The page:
Summerslam 2012 is in the book, but did it pass or fail? Find out; class is in session.
I’m adding A+s and D-’s to this list, too. A match that gets an A+’s virtually perfect, which makes them extremely rare (i.e. Ricky Steamboat vs. Ric Flair 2/3 Falls). A D- is something awful, but yet has some redeeming value that doesn’t make it a complete failure.
The Build Heading In: *For your information, I wrote this before the PPV aired*.
Well, nothing on this card was magnificently built. In fact, the build was so lackluster that it doesn’t even feel like the second biggest PPV of the year. There were several mid-card matches that were built well, but the same cannot be said for the main event matches, particularly the WWE Championship match. After all, Punk’s heel turn has been one of the biggest disappointments this year far. He used to be a cunning heel, one that didn’t fall for babyface ploys or tactics, along with having intelligent things to vocalize, but now falls for simple babyface tactics as well as talks and carries himself parallel to a conventional heel.
That said, Summerslam creates intrigue just because of its memories and longevity, the matches look good on paper, and the most interesting wrestler on the roster, Brock Lesnar is said to be main eventing. So, even though the build was duller than a dishwater, there are enough components that add eagerness to give the build an average rating. It also helps I’m nicer around this year.
The Build’s Grade: C
Pre-Show Match: Antonio Cesaro defeated Santino Marella to win the US title championship
I didn’t see this match because I was at a bar. I am happy they put the title on Cesaro. Apparently there are mixed feelings about him backstage. The haters think he hasn’t proved himself yet, which is ridiculous because his gimmick isn’t close to the one that got him over in the indies and he hasn’t been able to wrestle in long matches. If you’re someone who watched him in the indies, you know he’s a great all-around and arguably a top 5 worker in the WWE. Hopefully this leads to longer matches and time to developed himself, so he can showcase how talented he is both in and outside the ring.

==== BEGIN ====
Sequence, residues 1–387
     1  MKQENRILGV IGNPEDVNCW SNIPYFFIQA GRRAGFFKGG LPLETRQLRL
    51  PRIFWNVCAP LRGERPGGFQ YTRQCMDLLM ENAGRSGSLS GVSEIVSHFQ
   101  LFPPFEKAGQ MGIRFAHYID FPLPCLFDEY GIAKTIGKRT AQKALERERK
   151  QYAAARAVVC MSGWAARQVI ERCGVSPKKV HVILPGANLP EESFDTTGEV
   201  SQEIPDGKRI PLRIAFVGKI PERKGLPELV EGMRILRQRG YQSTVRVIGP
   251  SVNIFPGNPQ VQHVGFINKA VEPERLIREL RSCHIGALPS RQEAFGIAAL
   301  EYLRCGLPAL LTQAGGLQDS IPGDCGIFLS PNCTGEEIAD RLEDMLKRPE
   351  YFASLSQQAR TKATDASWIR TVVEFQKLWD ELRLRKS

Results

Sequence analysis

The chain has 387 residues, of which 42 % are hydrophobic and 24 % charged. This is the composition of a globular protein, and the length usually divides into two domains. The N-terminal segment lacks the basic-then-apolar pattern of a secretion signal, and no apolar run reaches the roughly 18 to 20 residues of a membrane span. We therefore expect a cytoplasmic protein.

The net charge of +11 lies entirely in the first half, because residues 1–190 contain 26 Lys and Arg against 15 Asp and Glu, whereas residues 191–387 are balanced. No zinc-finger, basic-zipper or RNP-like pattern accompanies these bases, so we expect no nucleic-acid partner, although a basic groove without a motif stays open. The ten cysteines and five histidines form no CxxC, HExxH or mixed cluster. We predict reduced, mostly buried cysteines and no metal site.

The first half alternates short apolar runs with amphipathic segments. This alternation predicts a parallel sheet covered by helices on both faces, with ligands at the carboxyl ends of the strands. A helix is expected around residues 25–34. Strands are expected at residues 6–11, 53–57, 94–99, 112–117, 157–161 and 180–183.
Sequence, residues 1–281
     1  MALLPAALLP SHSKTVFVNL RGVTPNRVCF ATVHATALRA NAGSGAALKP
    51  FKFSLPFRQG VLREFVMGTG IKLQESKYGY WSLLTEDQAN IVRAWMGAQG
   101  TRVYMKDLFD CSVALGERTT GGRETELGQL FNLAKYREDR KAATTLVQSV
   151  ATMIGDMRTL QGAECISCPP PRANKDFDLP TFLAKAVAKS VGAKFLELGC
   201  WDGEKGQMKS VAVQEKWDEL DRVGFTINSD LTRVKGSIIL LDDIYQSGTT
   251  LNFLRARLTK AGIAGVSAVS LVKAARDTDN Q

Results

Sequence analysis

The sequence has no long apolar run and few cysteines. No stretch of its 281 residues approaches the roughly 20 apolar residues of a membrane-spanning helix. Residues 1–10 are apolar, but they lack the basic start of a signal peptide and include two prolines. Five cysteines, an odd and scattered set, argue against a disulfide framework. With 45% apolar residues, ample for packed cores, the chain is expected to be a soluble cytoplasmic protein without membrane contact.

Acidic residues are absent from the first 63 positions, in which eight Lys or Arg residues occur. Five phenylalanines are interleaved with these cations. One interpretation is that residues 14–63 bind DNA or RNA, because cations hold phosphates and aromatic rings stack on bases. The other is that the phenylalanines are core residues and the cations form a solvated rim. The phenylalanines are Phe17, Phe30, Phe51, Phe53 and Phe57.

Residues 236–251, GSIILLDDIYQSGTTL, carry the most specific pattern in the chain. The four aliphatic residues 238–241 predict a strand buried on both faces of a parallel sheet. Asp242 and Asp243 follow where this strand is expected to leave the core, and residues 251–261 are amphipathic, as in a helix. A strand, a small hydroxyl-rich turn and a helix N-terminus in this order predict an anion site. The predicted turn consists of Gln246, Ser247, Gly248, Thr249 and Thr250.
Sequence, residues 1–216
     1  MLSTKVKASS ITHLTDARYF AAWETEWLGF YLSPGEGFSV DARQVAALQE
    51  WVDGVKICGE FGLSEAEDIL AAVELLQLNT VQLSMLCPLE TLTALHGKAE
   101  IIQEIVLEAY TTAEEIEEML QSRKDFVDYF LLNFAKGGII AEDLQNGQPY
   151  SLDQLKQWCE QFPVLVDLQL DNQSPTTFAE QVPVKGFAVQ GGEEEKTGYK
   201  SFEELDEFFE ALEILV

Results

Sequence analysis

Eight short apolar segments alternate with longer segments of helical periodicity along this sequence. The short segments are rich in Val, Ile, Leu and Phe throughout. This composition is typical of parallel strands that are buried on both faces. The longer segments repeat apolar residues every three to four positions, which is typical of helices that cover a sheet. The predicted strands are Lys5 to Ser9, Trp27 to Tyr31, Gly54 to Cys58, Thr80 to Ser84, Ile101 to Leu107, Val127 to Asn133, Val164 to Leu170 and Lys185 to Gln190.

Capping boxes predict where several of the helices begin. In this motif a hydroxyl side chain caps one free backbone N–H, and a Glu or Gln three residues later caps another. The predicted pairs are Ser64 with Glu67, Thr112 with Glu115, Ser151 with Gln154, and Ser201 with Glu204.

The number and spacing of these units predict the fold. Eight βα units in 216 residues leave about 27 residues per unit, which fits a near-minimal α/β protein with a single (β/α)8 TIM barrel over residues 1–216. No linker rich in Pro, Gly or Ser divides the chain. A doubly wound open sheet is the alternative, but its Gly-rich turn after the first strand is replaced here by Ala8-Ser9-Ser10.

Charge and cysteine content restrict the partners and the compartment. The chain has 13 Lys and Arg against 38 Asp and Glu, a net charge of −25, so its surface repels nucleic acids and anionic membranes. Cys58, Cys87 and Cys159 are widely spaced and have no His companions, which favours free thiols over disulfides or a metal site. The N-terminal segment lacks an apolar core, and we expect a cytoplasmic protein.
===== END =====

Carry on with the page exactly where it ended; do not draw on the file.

Opener: Chris Jericho defeated Dolph Ziggler w/ Vickie Guerrero
This was a hot opener that got the crowd into the show from the get go. It wasn’t what these two are capable of, but an opening match doesn’t what to drain the audience right away. It just wants to set the tone for the show. With that being said, I don’t know why this match opened the show. I believe Miz vs. Mysterio could have opened the show with their type of match. This had more build behind it and should have been the fourth marquee match on the card.
What also was questionable was Jericho winning, especially if he truly is leaving tomorrow. I just don’t understand why they don’t build up a MITB winner. Both CM Punk (2nd time) and Edge (first time) were build up right, and they became top heels of the company. If they don’t have confidence in a MITB winner, they should have picked someone else. We don’t want more Jack Swaggers.
Second Match: Daniel Bryan defeated Kane